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RED RIVER VALLEY

A warmup is coming in June, but conflicting forces make it impossible to predict whether the summer will be hot and dry or hot and wet.
Painter Dan Jones displays both sides of the Red River Valley in his first solo show at the Rourke Art Museum + Gallery in Moorhead.
A La Niña weather pattern can produce a colder, snowier winter on the Northern Plains and Upper Midwest, but sometimes is overridden by other weather systems. This winter likely will be colder and snowier than last year's mild, dry winter, forecasters say.
Sugarbeet harvest plays a large role in the Red River Valley's agriculture industry. Due to the harvest being non-stop once the campaign begins, many local businesses extend their hours in an effort to rally behind sugarbeet producers.

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“The timing of the rain was too late to make a difference for our earliest soybeans, but it did help many of our later fields fill pods better,” according to one farmer in Valley City, North Dakota.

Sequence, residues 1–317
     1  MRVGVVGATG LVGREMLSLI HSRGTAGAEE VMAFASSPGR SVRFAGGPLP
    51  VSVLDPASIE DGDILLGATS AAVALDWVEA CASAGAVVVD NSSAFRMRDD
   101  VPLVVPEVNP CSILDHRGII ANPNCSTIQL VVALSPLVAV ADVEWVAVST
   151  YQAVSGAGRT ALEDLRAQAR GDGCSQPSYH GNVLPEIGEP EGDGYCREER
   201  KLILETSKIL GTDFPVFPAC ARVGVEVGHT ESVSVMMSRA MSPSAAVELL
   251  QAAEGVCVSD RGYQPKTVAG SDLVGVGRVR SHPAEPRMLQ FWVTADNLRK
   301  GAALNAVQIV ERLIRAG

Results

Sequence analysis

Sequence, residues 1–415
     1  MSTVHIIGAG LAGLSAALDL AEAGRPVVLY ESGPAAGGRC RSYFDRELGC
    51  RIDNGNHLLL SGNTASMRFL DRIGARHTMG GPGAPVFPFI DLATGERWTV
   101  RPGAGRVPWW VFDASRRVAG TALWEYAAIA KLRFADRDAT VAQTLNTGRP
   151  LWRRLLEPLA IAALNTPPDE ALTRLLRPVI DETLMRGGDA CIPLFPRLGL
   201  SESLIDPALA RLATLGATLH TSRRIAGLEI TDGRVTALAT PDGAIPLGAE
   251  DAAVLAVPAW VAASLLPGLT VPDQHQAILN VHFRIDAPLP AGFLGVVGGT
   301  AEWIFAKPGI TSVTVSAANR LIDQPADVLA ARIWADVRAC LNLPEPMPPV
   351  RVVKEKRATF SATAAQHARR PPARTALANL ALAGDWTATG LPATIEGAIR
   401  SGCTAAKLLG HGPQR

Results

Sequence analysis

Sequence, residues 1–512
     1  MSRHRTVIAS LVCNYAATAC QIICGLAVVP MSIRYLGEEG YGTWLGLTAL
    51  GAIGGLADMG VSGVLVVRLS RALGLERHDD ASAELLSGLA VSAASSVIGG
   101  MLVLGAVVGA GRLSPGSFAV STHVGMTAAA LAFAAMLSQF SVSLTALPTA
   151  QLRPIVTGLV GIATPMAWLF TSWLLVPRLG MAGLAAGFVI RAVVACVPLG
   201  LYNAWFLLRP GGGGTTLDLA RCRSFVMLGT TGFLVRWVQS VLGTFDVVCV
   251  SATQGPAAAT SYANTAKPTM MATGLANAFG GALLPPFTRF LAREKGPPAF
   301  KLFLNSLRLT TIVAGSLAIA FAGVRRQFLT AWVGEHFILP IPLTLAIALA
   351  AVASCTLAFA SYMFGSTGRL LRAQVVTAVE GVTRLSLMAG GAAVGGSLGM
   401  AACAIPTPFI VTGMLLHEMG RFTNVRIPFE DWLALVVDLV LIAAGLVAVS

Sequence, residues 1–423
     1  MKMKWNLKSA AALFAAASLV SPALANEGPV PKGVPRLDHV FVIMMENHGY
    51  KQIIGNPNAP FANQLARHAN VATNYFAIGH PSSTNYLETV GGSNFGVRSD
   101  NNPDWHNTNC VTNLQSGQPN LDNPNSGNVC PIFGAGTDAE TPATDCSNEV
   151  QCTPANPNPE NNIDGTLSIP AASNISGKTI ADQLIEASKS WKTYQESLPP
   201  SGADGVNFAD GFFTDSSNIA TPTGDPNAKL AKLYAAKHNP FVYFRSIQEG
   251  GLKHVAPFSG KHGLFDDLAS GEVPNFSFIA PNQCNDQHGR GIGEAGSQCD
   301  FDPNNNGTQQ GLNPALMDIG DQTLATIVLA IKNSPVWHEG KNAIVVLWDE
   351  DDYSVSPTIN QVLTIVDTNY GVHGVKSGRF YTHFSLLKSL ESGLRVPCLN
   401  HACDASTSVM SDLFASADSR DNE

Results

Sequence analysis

Sugarbeet harvest in the Red River Valley is an around the clock operation, requiring a multitude of seasonal workers to get the job done.
The condition of North Dakota potatoes, which includes processing and fresh stock, in the week that ended Sunday, Aug. 23, was 8% very poor, 14% poor and 63% fair, National Agricultural Statistics-North Dakota said. The agency rated only 13% of the crop good, and 2% excellent.
Farmers in the southern Red River Valley who experienced drought conditions a month ago, along with 50 mph winds, now have gotten a shot of rain. Soils that moved also moved weed seed, which can contaminate neighboring fields with tough-to-control waterhemp. A return to hot, dry conditions makes those weeds even harder to control.
WDAY chief meteorologist John Wheeler warns that, without needed rains, the drought could become severe this summer.
“Roots of the Red River Valley: Through the Lens of Russell Lee,” now on display in Moorhead, uses images of the late photographer to look at the 1937 sugar beet harvest in Polk County and highlight the importance of migrant workers in the process.

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American Crystal Sugar Co. President and Chief Executive Officer Tom Astrup and Board Chairman David Mueller addressed shareholders virtually from their traditional venue in the Great Hall of the Fargo Holiday Inn, Dec. 3, 2020.
Sugar prices look stable and healthy for the next several years. That's good for the Upper Great Plains, including North Dakota, Minnesota, Nebraska and Montana, which together account for about 30% of the nation's sugar industries.

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